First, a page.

In Colorado the tiger trout has a different purpose. Its general hardiness makes it highly resistant to “whirling disease,” a malady identified in the 1950’s involving a parasite that affects the salmonid’s brain, causing it to swim in circles, unable to forage or survive. Whole watershed populations have been all but wiped out of fish, and in many areas are still at risk to this day. The tiger trout’s resistance to this disease comes from the Salmo trutta side (the brown trout side) of its lineage, and allows it to survive in whirling-disease-infected waters. And since the parasite is proliferated through the carcasses of trout that have succumbed to the ailment, a “takeover” by tiger trout is expected to reduce the parasite infestation of the water considerably over time…after which rainbows can be reintroduced.
The ability to cross char genetics with that of trout begs the question at to whether other char–bull trout, dolly vardens, lakers, arctic char, all of which also spawn in the fall–can create hybrid cross strains with brown trout, as brookies can. I have searched but have found no evidence of any of it. It’s likely that our knowledge in these areas is in its infancy and that man has up to now only attempted what it has seen nature accomplish–the tiger. Based on no data whatever, nothing but a healthy humility and respect for the tenacity and extensibility of nature, I’ll predict that the probabilities are non-zero, and further, that one day we will realize the tiger trout is not always quite as infertile as we currently believe. All based only on one man’s blind hunch, of course.
In summary, it appears the tiger trout’s future burns bright. Its usefulness–stemming from a combination of its ready production, its sterility(sic), its hardiness and its aggressive nature–is difficult to deny. It may well be the answer to a wide variety of fishery management concerns.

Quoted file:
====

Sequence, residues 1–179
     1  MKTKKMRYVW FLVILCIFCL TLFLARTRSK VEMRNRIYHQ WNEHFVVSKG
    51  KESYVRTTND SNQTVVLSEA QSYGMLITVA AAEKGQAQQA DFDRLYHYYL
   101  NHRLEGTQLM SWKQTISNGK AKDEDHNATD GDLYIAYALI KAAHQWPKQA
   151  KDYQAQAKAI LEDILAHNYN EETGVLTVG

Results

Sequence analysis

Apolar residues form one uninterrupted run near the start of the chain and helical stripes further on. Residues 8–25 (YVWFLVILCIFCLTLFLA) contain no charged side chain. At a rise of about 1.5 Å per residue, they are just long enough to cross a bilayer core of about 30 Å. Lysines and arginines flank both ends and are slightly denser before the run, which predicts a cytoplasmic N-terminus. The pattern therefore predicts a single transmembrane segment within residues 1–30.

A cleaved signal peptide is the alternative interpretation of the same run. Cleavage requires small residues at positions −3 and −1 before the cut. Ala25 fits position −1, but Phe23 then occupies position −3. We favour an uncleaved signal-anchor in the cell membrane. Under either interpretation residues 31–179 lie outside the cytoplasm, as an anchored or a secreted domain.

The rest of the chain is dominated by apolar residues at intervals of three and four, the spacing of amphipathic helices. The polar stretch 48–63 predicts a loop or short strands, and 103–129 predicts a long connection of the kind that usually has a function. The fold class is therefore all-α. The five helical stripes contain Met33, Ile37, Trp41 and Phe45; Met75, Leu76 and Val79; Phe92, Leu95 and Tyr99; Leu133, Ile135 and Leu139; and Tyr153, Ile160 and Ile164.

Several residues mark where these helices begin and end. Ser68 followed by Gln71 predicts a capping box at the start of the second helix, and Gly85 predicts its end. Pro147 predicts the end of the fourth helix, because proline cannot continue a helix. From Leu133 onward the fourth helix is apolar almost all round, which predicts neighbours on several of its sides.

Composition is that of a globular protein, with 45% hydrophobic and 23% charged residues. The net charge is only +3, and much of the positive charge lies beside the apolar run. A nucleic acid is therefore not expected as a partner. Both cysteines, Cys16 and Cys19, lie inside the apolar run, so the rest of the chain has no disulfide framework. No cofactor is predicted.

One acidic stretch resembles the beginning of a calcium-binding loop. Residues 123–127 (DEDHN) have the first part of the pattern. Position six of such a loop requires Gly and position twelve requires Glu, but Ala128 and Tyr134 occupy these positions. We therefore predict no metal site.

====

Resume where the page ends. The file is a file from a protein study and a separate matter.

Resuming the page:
I don’t know for certain if William Blake’s classic poem of seduction and ambition, “The Tyger,” had the big cat or the trout in mind (he was, after all, an Englishman), but the poem does explore the question of whether nature (like art) must somehow reflect the goodness or baseness of its creator. The stark beauty of the Tiger Trout, seen in the light of that dilemma, would tend to support the belief that Nature’s “Chief Architect” both appreciates and intends this rare and curious trout-char anomaly. The Tiger Trout is one of those unusual gems aptly deserving of a phrase in another classic piece of literature–Walt Whitman’s “Song of the Open Road,” which promises that nature will show the explorer (and, by inference, the angler) “divine things more beautiful than words can tell.” I think it qualifies.